Any words about conjugation pattern mögen and magst? It's too hard to understand for me. Especially about the vowel (ö -> a).
I've noticed that Duolingo presents this verb ¸mögen" + accusative for the English "to like" something. In school, we were taught to use the verb nominative +¸gefallen" + dative for this… Which is most used by German native speakers?
For food, you should use „mögen“. (If you want to praise the taste of the food, you can use „schmecken“: Die Suppe schmeckt mir – liberally translated: The soup tastes good:) And you could use both verbs when you refer to a specific property of some food: Ich mag diesen Cocktail und mir gefällt seine Farbe. – I like this cocktail and I like its color.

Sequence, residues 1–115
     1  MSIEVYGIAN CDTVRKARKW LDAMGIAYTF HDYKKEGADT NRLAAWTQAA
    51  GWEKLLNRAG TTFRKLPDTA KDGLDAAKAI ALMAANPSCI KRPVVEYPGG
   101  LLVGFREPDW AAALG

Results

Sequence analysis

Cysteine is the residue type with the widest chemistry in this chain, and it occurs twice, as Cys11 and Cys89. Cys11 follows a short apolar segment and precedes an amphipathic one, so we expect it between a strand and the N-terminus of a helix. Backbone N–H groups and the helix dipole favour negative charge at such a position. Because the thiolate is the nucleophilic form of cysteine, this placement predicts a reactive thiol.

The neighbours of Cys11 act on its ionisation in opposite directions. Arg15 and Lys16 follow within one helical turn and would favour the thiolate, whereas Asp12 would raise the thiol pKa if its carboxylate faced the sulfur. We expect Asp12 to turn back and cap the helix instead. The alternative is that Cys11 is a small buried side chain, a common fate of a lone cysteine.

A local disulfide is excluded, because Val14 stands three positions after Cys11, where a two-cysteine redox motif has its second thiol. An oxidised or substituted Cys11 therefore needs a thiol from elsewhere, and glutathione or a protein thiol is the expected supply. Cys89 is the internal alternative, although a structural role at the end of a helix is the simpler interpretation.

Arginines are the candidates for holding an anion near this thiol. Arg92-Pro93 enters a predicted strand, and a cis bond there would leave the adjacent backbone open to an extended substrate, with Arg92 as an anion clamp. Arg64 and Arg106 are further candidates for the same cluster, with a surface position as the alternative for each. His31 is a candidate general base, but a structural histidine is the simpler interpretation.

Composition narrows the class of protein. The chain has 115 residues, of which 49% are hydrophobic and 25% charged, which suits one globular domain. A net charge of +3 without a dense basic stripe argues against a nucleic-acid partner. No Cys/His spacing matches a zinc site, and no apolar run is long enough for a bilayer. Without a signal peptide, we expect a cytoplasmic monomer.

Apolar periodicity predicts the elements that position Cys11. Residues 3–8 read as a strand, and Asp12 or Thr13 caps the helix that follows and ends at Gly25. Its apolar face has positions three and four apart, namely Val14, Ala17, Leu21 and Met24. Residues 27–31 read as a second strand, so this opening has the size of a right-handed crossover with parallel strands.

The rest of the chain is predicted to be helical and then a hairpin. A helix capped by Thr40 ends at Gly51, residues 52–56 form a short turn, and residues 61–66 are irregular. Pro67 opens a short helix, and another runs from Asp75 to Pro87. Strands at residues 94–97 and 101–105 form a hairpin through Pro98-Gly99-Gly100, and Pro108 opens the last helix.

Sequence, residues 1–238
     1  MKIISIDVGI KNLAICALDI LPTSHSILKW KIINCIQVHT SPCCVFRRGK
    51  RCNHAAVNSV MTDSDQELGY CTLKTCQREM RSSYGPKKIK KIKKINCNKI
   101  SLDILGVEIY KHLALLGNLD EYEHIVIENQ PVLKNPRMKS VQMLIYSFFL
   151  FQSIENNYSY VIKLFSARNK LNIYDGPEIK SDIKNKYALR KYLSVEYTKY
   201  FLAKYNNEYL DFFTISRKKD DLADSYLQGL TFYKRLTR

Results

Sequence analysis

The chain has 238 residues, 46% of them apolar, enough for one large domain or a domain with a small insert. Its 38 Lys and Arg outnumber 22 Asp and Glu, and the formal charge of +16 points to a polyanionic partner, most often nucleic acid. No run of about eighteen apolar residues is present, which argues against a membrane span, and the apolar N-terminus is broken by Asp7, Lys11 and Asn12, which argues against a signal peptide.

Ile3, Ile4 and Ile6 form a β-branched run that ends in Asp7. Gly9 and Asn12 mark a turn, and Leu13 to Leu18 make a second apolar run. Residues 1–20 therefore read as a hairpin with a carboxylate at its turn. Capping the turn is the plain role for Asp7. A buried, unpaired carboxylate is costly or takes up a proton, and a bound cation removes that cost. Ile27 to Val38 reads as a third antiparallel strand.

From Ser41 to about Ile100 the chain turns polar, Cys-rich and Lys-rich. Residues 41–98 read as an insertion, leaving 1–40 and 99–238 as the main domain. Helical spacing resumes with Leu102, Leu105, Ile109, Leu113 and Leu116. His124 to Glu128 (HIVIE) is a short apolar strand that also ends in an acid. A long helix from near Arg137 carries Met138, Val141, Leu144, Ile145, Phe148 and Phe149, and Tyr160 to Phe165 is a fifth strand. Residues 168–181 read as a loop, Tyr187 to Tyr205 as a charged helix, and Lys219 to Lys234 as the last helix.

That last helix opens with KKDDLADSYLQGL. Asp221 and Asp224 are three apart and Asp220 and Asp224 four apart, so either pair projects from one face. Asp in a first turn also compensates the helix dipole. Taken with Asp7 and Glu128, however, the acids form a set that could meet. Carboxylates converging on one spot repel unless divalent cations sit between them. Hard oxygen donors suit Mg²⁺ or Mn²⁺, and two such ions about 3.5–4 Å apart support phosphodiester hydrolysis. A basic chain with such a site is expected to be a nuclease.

If you're referring to people, you would only use „gefallen“ if you're judging by the look of someone. Otherwise you should use „mögen“.
All other things (that I can think of) work well with both verbs.
I'd say "Du magst Wasser" is more common. It can be used if you like drinking water as well as when you're just watching the sea. 'Dir gefällt Wasser' could only be used in the latter context. It stills sounds a bit strange to my ears without a definite article; not wrong but nothing which would come easily from my lips. 'Dir gefällt das Wasser' is fine, though.
How do you distinguish between simple present and present continuous in German? So far, any verb that I translate as simple present or present continuous seems arbitrary
magst also means like and mag also means the same...(new to this language )
I know mögen as want. Ich möchte das Buch - I want the book. I looked to dictionary now and like is acceptable translation. So why not "You want water"...?